“I think most of us are more focused on the metrics, the indicators, the cases, and we forget the human aspects to our response to COVID, given that this is a situation that we have been responding to since February of 2020, and it continues,” said Ike Ogbo, Director of the Evanston Health and Human Services Department. “You hear about public health officials who have left their posts due to frustration, tensions and ever-changing protocols.”
At Saint Francis, a number of nurses and other employees have left the profession due to stress and burnout from the pandemic, said Dr. Harvey Friedman, a pulmonary and critical care physician at the hospital. To keep up with the high demand for care amid the omicron wave, Amita has started hiring contract nurses through third-party companies, Friedman said.
Both Wang and Friedman also added that while the depth of COVID-19 knowledge built up during the last two years has helped alleviate some of the uncertainties of the pandemic, the latest surge of cases has exhausted workers.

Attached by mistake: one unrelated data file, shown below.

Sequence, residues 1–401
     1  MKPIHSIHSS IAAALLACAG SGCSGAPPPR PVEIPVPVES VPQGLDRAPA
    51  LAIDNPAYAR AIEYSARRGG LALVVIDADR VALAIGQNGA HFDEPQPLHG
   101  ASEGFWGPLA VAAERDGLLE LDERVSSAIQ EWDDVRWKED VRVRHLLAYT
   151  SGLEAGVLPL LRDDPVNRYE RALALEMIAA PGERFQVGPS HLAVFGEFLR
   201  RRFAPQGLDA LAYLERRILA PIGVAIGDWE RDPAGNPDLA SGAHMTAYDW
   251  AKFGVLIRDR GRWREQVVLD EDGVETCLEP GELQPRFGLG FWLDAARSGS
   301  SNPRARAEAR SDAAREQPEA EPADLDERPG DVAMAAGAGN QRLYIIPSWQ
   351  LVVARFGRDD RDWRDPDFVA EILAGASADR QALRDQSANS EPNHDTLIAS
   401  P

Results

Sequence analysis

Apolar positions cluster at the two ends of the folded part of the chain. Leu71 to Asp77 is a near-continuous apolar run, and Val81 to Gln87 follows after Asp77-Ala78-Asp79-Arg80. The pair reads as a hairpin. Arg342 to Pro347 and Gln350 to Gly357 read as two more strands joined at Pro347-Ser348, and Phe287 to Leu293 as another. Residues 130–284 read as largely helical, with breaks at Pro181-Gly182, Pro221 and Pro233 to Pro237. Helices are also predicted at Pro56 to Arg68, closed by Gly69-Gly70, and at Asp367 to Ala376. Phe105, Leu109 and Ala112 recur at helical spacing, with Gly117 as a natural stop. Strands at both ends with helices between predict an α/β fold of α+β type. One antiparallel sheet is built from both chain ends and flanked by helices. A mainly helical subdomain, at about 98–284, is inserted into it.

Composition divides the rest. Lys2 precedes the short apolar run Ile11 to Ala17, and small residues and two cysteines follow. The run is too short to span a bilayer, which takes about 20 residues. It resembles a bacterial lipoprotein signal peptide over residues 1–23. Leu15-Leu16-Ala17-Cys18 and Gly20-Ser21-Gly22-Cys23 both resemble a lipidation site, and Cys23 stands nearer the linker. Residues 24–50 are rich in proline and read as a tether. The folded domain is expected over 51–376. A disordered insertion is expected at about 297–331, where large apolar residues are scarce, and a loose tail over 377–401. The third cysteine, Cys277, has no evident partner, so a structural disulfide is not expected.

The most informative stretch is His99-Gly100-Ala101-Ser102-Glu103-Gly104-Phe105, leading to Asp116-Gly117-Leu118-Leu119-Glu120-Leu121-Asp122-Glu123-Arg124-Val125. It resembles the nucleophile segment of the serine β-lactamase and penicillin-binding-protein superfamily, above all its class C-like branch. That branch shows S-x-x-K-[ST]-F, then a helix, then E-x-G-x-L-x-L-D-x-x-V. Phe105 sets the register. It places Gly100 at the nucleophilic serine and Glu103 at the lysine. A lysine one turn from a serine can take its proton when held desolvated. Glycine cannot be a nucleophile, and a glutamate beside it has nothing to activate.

“What we’ve done is we just limit our vacations right now, so we can each take maybe a day off per week for our mental health,” Friedman said. “So nobody’s really going on vacation, except maybe a long weekend or something like that.”
According to Friedman and Wang, Saint Francis and Glenbrook hospitals have expanded their available supply of ventilators and intensive care unit beds beyond what would be considered normal capacity to care for omicron patients, but the shortage of qualified nurses has created a bigger problem. At Glenbrook, there aren’t enough staffed beds for everyone who comes in needing one right now, so doctors and nurses have to prioritize the sickest patients, COVID-related or not, Wang said.
As he described the situation, local hospitals simultaneously have more sick patients and fewer staff than at any other time in the pandemic. Those conflicting problems have added a heavy burden on the dedicated and passionate health care workers who remain on the job.
“Imagine you’re on a treadmill, and your average comfortable pace is 6 miles per hour, and then the next day, you come in and the incline goes to 1%. And then the next day, you come in and it goes to 2, and then to 3 and then by the end of the month, you’re at 10, and the speed stays the same or increases,” Wang said. “That’s what it’s been like every single day for two years, and there’s no day to stop. You don’t get a rest day, you can’t lower the incline. The incline only goes down when omicron goes down.”